And then Republicans say our math only gets better next year. We’ll do it again, and we may have a veto-proof majority. But it was really almost romantic to watch this happen on Wednesday – (laughter) – because this is how –
MS. IFILL: By whose standard? (Laughter.)
MR. O’KEEFE: By –
MS. IFILL: This is your idea of romance?
MR. O’KEEFE: Listen, listen. By disgruntled congressional reporter standards, this was great, because this is exactly what’s supposed to happen in Congress. People with clout are supposed to be able to seize control of the place and get their stuff done, and they did. And it’s going to get done. And it sets up a very principled fight with the president. This is regular order.
MS. IFILL: Well, let’s – go ahead, Coral.
CORAL DAVENPORT: Well, but in the end, though, how much impact does it actually have on the Louisiana Senate runoff if both candidates effectively sponsor the exact same bill? Both – I mean, doesn’t it – do they come out in a wash?
MS. DAVIS: I think, from a strictly political term, this is a little bit of a Hail Mary pass by Democrats.
MR. O’KEEFE: No pun intended. (Laughter.)
MS. DAVIS: They’re trying – very good point. They are trying to do everything they can to try and save Mary Landrieu’s seat. Barack Obama’s approval rating in Louisiana right now is about 38, 39 percent. She only won 42 percent in the runoff. The idea that she’s going to be able to cross that 50 percent threshold – I mean, it’s certain to say that she’s absolutely the underdog in this race, and I’m not sure this one policy, this one vote, is going to change that.
But, you know, there are other things which are happening, which it seems that everybody’s trying to sort of poke each other in the eye on immigration reform, the president saying I’m going to do it by executive action no matter what; John McCain saying to you I don’t think so, as many other Republicans are saying the same thing.
On health care, they are swearing there’s going to be another vote to roll back “Obamacare,” and the president saying absolutely not. It seems to be everyone is positioning themselves to push. Who’s got the leverage, though?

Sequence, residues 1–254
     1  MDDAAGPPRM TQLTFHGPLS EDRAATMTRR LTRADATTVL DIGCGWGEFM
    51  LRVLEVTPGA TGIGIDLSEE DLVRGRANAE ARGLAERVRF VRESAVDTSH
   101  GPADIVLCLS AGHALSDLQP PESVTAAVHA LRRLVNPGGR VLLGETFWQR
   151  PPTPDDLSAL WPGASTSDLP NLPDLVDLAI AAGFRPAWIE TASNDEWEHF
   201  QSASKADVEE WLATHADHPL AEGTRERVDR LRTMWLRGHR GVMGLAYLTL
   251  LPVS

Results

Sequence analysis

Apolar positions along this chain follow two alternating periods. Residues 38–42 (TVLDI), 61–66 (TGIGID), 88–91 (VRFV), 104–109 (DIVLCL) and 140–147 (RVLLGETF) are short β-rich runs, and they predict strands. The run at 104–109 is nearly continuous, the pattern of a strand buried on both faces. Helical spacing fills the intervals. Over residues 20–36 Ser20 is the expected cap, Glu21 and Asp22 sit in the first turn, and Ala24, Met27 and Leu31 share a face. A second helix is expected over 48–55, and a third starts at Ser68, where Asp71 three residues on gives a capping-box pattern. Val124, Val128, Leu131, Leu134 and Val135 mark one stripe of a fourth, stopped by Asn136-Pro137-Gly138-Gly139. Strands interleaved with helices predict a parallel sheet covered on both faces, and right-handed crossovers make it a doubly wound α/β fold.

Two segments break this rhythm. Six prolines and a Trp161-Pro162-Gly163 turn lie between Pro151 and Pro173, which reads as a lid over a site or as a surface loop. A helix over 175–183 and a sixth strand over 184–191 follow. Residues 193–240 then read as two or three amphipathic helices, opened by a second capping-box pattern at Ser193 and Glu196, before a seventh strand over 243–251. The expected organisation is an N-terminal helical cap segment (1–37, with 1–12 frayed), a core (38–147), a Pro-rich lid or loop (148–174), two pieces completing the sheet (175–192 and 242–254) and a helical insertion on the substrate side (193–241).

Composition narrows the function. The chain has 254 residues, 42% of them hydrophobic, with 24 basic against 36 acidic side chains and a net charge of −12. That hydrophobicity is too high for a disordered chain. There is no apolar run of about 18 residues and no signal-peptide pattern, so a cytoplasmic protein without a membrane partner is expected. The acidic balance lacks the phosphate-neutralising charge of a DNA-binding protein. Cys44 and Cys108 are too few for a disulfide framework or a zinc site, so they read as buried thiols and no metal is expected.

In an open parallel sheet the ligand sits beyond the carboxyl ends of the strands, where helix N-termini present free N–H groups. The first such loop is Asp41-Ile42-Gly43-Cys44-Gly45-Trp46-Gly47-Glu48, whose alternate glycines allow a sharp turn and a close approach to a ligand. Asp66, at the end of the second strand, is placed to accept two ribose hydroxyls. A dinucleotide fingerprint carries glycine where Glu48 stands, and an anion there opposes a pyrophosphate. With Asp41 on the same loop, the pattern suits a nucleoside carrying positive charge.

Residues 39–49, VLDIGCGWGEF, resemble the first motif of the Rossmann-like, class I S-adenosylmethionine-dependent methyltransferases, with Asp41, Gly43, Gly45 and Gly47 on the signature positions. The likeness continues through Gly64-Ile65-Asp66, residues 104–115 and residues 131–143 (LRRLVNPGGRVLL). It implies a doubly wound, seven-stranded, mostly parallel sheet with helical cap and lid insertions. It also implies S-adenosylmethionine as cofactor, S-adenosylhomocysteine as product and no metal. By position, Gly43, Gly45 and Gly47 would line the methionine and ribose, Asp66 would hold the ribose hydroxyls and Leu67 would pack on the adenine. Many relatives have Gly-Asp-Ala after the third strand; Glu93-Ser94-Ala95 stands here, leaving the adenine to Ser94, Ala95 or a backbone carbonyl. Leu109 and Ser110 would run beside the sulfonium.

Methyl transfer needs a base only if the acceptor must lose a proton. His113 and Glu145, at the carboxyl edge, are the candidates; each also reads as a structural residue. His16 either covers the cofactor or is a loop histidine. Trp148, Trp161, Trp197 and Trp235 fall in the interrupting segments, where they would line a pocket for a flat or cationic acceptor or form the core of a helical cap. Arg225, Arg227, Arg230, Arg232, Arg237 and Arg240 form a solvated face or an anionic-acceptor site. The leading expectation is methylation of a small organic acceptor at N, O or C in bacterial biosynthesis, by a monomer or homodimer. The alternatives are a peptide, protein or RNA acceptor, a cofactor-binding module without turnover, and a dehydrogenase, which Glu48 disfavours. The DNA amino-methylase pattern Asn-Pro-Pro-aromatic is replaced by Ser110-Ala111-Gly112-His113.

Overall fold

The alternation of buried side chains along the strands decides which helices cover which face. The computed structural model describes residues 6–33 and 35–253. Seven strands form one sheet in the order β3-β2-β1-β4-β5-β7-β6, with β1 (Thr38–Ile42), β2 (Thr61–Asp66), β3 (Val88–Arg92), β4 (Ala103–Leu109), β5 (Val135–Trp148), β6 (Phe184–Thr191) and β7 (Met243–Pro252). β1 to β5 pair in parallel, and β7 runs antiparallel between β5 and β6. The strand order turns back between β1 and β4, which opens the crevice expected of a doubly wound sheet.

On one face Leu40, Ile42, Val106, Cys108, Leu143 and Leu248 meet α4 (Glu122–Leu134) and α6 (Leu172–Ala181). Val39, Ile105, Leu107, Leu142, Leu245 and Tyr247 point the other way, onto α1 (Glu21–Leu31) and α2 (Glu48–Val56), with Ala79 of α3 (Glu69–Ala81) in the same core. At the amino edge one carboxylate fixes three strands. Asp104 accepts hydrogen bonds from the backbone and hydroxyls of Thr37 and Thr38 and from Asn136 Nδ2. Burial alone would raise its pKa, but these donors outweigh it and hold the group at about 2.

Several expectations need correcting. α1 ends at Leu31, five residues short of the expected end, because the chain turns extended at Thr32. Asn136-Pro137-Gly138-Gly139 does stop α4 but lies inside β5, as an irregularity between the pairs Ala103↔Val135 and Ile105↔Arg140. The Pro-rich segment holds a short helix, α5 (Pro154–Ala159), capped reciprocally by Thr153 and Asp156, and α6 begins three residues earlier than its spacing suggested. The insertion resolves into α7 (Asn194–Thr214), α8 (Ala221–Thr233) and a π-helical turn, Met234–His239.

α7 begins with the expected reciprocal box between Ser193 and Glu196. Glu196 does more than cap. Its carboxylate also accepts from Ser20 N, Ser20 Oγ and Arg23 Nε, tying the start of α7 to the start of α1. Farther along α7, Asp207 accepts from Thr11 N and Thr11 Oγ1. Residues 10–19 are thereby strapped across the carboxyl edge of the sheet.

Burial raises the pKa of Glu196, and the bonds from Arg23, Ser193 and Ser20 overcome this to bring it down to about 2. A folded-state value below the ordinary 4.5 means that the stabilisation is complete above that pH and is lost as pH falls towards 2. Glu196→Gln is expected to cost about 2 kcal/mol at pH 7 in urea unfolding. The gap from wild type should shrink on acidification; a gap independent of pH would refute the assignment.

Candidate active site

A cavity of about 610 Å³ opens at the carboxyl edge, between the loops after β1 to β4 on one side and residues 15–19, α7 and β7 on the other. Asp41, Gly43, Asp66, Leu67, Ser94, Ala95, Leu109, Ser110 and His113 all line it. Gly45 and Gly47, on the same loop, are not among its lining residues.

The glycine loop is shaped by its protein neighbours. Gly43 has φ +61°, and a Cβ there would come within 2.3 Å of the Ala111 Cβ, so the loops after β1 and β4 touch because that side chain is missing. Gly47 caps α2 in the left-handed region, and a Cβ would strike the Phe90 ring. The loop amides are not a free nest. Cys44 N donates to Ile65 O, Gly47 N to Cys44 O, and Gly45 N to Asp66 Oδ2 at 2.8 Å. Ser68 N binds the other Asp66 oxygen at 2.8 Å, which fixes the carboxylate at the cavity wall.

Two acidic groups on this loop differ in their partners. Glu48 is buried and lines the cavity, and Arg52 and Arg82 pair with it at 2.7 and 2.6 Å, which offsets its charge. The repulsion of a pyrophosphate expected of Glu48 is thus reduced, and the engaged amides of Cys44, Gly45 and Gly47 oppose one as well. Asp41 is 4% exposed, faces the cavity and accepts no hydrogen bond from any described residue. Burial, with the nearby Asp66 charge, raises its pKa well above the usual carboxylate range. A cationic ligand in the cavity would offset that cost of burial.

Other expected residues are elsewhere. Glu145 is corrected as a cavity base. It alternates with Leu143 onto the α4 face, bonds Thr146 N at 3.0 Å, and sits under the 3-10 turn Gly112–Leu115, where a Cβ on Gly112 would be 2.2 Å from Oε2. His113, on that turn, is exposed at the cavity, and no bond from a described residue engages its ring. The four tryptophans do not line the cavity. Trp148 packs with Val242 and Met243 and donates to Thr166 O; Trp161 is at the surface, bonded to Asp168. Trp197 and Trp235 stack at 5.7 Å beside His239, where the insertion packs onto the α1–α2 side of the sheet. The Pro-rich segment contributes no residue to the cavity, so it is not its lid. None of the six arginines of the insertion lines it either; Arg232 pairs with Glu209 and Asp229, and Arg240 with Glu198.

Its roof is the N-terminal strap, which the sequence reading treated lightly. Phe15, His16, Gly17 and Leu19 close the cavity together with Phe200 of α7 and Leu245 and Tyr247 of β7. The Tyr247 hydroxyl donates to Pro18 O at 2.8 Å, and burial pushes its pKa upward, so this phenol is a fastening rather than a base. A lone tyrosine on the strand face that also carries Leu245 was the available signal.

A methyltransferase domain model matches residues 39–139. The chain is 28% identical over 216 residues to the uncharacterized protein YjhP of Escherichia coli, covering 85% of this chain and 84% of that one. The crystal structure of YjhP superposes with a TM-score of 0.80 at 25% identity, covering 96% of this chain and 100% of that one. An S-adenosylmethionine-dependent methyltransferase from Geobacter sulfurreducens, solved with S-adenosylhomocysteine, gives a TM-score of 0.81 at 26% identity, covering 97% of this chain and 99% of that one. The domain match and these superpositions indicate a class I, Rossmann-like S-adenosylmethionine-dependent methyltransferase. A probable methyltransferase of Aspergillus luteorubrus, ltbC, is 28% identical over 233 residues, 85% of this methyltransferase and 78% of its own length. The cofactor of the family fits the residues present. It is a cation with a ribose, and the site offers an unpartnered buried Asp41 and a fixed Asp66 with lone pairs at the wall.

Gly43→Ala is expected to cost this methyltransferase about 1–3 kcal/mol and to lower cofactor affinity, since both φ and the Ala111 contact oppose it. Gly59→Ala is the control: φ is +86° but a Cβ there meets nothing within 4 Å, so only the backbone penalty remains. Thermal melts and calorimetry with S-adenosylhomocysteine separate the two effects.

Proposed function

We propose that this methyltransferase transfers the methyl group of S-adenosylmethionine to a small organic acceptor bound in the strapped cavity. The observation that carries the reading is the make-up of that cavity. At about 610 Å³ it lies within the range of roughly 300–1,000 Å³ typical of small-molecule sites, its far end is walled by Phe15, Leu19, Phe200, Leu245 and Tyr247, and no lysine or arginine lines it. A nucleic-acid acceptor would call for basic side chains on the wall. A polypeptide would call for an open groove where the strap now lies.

MR. O’KEEFE: The Republicans, I think, do, because they will control the agenda. But Boehner has been pretty practical, at least in talking about health care. He knows that he will hold a vote to fully repeal the law, and it will pass overwhelmingly in the Republican-controlled House.
MS. IFILL: As it has how many times?
MR. O’KEEFE: We’re about 50 now at this point. It will go to the Senate, where they don’t have 60 votes necessarily to support this. You have to get, I think, at that point six or seven Democrats to join them, and they won’t do that. But they’ll send it to the president and he’ll veto it. And again everyone can say we tried and he didn’t agree with us.
But then they will start picking apart pieces of it specifically – repealing the tax on medical devices, for which there’s a lot of Democratic support, and then some other things. And I think there you will start to see maybe some real constructive work and where the president might have to swallow hard and deal with it or again stand up to Congress and say no.
MS. WALTER: So are we going to get into another government shutdown debate? I mean, is this what we’re going to be looking for in 2017?
MS. IFILL: Except within the Republican Party instead of cross-party.
MS. WALTER: Yeah.
MR. O’KEEFE: Yeah.
MS. DAVIS: Well, I think it speaks to the fact that the immigration issue is so hugely divisive within the Republican Party. And I think that’s a huge part of the political motivation among Democrats to force this debate now. Mitch McConnell has said repeatedly since the election we will not shut down the government; we will not default on the debt.
John Boehner this week was asked the same question. He did not – he was not as explicit. I think House Republicans have – if he goes forward with the immigration order, it will divide the Republican conference in ways that I don’t think anything has probably ever, since we’ve had this government and since Republicans took over in 2010. So it is going to poison the well in ways that I don’t think we really know how it’s going to affect what’s going to happen in the new Congress.